December 12, 2002
What's in a Name? Perhaps Plenty if You're a Job Seeker
HAT'S in a name? Evidently plenty if you are looking for a job.
To test whether employers discriminate against black job applicants, Marianne Bertrand of the University of Chicago and Sendhil Mullainathan of M.I.T. conducted an unusual experiment. They selected 1,300 help-wanted ads from newspapers in Boston and Chicago and submitted multiple résumés from phantom job seekers. The researchers randomly assigned the first names on the résumés, choosing from one set that is particularly common among blacks and from another that is common among whites.
So Kristen and Tamika, and Brad and Tyrone, applied for jobs from the same pool of want ads and had equivalent résumés. Nine names were selected to represent each category: black women, white women, black men and white men. Last names common to the racial group were also assigned. Four résumés were typically submitted for each job opening, drawn from a reservoir of 160. Nearly 5,000 applications were submitted from mid-2001 to mid-2002. Professors Bertrand and Mullainathan kept track of which candidates were invited for job interviews.
No single employer was sent two identical résumés, and the names on the résumés were randomly assigned, so applicants with black- and white-sounding names applied for the same set of jobs with the same set of résumés.
Apart from their names, applicants had the same experience, education and skills, so employers had no reason to distinguish among them.
The results are disturbing. Applicants with white-sounding names were 50 percent more likely to be called for interviews than were those with black-sounding names. Interviews were requested for 10.1 percent of applicants with white-sounding names and only 6.7 percent of those with black-sounding names.
Within racial groups, applications with men's or women's names were equally likely to result in calls for interviews, providing little evidence of discrimination based on sex in these entry-level jobs.
There were significant differences in interview-request rates among the nine names associated with black women, but not among the names within each of the other groups.
At the low end, the interview-request rate was 2.2 percent for Aisha, 3.8 percent for Keisha and 5.4 percent for Tamika, compared with 9.1 percent for Kenya and Latonya and 10.5 percent for Ebony.
Only part of this variability reflects chance differences resulting from sampling, although the authors have not been able to find a good explanation for the wide range. Thus it is important that the names chosen for black women were not uncommon; they represent 7.1 percent of all names listed on Massachusetts birth certificates for black girls from 1974 to 1979.
The 50 percent advantage in interview requests for white-sounding names held in both Boston and Chicago, and for both men and women.
This discrepancy complements findings from earlier studies in which researchers sent a small number of matched black and white "auditors" to apply for jobs in person. Typically, though not always, the black job seekers were less likely to be invited for an interview or offered a job.
Those findings, however, were criticized because the applicants knew the intention of the study and might have behaved differently. In addition, the auditors might not have been well matched with the jobs in question; they could have been overqualified or underqualified.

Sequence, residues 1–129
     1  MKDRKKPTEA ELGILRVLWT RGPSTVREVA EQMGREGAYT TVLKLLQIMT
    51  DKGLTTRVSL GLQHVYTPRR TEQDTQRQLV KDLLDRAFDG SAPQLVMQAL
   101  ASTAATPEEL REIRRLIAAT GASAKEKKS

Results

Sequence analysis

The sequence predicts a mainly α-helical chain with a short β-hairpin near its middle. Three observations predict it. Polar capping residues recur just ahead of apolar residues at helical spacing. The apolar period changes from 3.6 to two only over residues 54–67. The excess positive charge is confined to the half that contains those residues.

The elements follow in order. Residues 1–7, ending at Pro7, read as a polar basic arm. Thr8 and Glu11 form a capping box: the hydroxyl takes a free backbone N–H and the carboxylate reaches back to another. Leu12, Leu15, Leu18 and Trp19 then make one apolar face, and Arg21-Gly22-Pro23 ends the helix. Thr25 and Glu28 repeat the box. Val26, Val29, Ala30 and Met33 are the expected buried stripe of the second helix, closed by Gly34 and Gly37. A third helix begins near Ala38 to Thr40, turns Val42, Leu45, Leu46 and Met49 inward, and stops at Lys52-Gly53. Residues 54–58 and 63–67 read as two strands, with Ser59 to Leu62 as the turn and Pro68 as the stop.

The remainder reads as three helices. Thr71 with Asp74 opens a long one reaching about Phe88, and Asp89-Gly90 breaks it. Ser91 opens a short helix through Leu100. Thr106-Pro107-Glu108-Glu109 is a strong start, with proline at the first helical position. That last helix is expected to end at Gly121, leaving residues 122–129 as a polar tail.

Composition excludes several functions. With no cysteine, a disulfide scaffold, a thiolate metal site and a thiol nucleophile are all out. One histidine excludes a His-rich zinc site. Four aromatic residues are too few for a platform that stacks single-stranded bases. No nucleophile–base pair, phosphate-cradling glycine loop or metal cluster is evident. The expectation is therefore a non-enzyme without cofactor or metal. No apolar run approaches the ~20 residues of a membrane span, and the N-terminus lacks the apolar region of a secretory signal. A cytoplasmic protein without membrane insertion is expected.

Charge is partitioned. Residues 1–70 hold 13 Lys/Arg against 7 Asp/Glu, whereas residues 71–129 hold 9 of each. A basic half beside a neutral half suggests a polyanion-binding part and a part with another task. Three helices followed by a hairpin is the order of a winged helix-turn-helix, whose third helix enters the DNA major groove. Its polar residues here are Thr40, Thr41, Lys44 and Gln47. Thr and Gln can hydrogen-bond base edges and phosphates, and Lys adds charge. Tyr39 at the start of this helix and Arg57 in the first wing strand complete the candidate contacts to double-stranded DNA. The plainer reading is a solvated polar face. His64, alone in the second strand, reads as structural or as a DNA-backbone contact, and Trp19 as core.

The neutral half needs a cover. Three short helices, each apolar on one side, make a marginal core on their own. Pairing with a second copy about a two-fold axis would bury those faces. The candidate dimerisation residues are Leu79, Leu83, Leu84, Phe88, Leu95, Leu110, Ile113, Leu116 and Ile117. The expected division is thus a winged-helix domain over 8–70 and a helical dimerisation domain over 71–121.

Professors Bertrand and Mullainathan's study is less susceptible to these concerns. First, they used a large number of names and inanimate résumés. Second, the job openings involved administrative, sales, clerical and managerial positions, and they submitted résumés patterned after real résumés of people who were actually seeking similar jobs.
Their most alarming finding is that the likelihood of being called for an interview rises sharply with an applicant's credentials — like experience and honors — for those with white-sounding names, but much less for those with black-sounding names. A grave concern is that this phenomenon may be damping the incentives for blacks to acquire job skills, producing a self-fulfilling prophecy that perpetuates prejudice and misallocates resources.
Two main theories explain labor market discrimination. One, known as taste-based discrimination, posits that employers — or customers, co-workers or supervisors — have a preference against hiring minority applicants, even if they know they are equally productive.
The other, known as statistical discrimination, assumes that employers personally harbor no racial animus but cannot perfectly predict workers' productivity. In this case, an employer assessing an applicant would assign some weight to the average performance of the person's racial group, instead of basing the judgment solely on the individual's merits.
A difference between these models is that employers sacrifice profits to indulge in taste-based discrimination, while, in principle, statistical discrimination, if based on accurate information, can help the bottom line. Professors Bertrand and Mullainathan cannot distinguish between the models — and both may be applicable — but they suspect that their finding that employers in heavily black areas of Chicago are less likely to discriminate against black-sounding names augurs for taste-based discrimination.
Nevertheless, either rationale for discrimination is illegal and prohibited.
"That which we call a rose," Juliet said, "by any other name would smell as sweet." An organization like the Civil Rights Commission or the Equal Employment Opportunity Commission could perform a service if it routinely monitored discrimination by conducting audit studies similar to Professors Bertrand and Mullainathan's.